The following article is provided by Jason Alderman, director of Visa USA's financial education programs. One can hardly watch or read the news without hearing about the latest scam to separate folks from their hard-earned money. As criminals become increasingly more sophisticated, their schemes are more difficult to spot. Here are a few precautions to avoid becoming the next victim: Be skeptical. If it sounds too good to be true, it probably is.
Beware of . . .
- Investments promising to double your money in six months or claiming to be risk-free (like so-called "pyramid schemes," in which returns for ground-floor investors depend on later investors falling for the same ruse).
- The infamous "Nigerian banking scam," in which supposed foreign officials offer large rewards for helping them transfer money out of their country.
- Authentic-looking checks from sweepstakes you supposedly won. You'll be asked to deposit the check and send a portion to cover processing fees and taxes. By law you should never have to pay for any legitimate prize; furthermore, you're legally responsible for any lost funds if the check you deposit is bogus. When in doubt, consult a financial professional or the State Attorney General's office.
- Identity theft. Each year, criminals steal billions of dollars by pretending to be someone else. By intercepting mail, going through trash or even peeking over someone's shoulder at the ATM, thieves use stolen Social Security numbers, credit card numbers or bank account passwords to borrow money, open new accounts or charge big-ticket items to unsuspecting victims. At a minimum, victims spend many hours undoing the damage. At worst, identity theft can ruin your credit rating and leave you deeply in debt. Practical Money Skills for Life, a free personal financial management site sponsored by Visa USA, contains detailed identity theft and security precautions you should take (www.practicalmoneyskills.com/security).
- "Phishing." In this 21st century version of identity theft, culprits go fishing ("phishing") for people's personal information by sending realistic-looking but fraudulent emails that seek confirmation of personal information such as account numbers, log-in IDs and passwords - supposedly for security purposes. Online payment companies like eBay and PayPal, as well as conventional banks, are commonly targeted. Be aware that legitimate businesses will never ask you to verify sensitive information via email. The Security and Exchange Commission's Web site, www.sec.gov/investor/pubs/phishing.htm, discusses how to spot and avoid phishers.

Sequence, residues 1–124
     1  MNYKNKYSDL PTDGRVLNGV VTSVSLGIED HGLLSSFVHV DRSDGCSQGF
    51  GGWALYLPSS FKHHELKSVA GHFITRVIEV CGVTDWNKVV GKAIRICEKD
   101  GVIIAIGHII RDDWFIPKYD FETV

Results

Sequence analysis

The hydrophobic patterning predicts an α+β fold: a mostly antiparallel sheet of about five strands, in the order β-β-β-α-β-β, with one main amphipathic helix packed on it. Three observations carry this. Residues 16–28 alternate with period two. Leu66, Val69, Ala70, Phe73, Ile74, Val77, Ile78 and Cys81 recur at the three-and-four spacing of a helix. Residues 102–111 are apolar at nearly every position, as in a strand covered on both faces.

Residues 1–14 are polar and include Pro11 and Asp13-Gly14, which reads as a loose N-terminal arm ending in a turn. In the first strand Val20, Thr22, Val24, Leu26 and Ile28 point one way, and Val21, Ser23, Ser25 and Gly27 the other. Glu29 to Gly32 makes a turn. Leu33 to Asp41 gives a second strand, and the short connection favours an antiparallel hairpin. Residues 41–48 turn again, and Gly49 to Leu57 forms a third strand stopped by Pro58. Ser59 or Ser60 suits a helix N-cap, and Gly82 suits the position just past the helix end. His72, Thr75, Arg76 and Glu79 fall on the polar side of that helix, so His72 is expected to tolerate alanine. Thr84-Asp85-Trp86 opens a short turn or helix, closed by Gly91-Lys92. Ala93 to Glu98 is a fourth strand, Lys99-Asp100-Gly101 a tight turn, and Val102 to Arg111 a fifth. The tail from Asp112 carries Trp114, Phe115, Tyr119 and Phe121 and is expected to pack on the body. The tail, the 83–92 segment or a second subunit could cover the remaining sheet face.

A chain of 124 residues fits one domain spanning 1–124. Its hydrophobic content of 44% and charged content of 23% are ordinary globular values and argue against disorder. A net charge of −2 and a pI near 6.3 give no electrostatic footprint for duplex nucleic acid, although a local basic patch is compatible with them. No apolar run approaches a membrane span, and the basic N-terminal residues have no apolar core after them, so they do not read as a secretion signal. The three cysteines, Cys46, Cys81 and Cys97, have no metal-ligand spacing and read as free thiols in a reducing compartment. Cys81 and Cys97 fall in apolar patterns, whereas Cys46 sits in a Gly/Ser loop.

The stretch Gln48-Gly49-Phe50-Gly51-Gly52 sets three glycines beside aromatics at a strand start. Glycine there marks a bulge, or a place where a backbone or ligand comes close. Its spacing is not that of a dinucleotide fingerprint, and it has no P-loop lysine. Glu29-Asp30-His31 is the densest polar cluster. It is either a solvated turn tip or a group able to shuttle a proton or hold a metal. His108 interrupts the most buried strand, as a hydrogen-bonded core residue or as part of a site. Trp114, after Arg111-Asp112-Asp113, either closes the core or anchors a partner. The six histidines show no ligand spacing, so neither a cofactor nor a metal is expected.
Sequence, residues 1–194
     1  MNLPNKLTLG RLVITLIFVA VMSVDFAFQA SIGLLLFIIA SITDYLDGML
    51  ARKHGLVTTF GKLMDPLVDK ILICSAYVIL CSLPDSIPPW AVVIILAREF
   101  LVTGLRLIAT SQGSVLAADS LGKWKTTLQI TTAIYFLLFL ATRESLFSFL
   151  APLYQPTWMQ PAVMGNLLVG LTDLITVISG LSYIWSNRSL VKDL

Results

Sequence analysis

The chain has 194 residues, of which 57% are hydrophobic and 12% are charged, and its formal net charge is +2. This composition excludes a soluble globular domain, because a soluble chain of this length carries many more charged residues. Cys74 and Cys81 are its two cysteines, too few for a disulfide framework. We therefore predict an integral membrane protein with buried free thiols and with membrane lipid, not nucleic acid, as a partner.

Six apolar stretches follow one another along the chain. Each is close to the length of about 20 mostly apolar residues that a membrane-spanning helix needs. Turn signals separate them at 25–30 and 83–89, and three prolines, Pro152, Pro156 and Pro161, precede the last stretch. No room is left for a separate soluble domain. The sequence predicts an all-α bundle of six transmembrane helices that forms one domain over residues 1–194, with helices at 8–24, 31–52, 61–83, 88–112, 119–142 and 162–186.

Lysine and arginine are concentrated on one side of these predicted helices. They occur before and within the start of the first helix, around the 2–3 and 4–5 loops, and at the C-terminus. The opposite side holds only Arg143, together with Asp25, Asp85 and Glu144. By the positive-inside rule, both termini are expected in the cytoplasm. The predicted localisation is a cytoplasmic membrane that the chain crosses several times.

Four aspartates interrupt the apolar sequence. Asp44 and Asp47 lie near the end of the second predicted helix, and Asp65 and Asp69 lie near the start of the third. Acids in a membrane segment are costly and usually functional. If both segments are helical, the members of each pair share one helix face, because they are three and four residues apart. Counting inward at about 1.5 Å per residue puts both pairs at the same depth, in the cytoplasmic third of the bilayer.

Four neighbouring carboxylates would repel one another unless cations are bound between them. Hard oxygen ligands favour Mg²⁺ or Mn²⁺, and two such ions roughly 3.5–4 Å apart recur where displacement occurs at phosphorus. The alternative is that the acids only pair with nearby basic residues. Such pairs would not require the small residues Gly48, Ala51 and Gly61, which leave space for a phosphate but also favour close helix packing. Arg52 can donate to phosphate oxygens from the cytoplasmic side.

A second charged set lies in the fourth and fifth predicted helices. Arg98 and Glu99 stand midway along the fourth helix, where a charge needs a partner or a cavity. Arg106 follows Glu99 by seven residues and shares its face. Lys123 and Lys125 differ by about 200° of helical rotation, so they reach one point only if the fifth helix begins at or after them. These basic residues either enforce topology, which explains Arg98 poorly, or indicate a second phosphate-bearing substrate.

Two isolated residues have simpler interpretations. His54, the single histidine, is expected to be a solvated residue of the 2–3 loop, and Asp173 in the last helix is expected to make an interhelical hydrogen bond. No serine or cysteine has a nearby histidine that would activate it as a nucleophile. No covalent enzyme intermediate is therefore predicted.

- College aid scams. Many criminals prey on desperate parents and students by promising to intercede with organizations offering scholarships and grants â€“ for a fee, of course. Avoid companies that offer money-back guarantees, claim exclusive access to information or ask for money up front â€“ and avoid high-pressure sales tactics. The Federal Trade Commission's guide to avoiding scholarship scams is found at www.ftc.gov/bcp/conline/edcams/scholarship.
- Safeguard credit card information. Never give out your credit card number over the phone unless you initiated the call. And, when shopping online, only use secure Web sites â€“ those whose address begins with "https://" instead of "http://" and that display a small "lock" icon in the lower right-hand corner of your browser. There will always be scam artists looking to rip off unsuspecting victims. Your job is to not be one of them.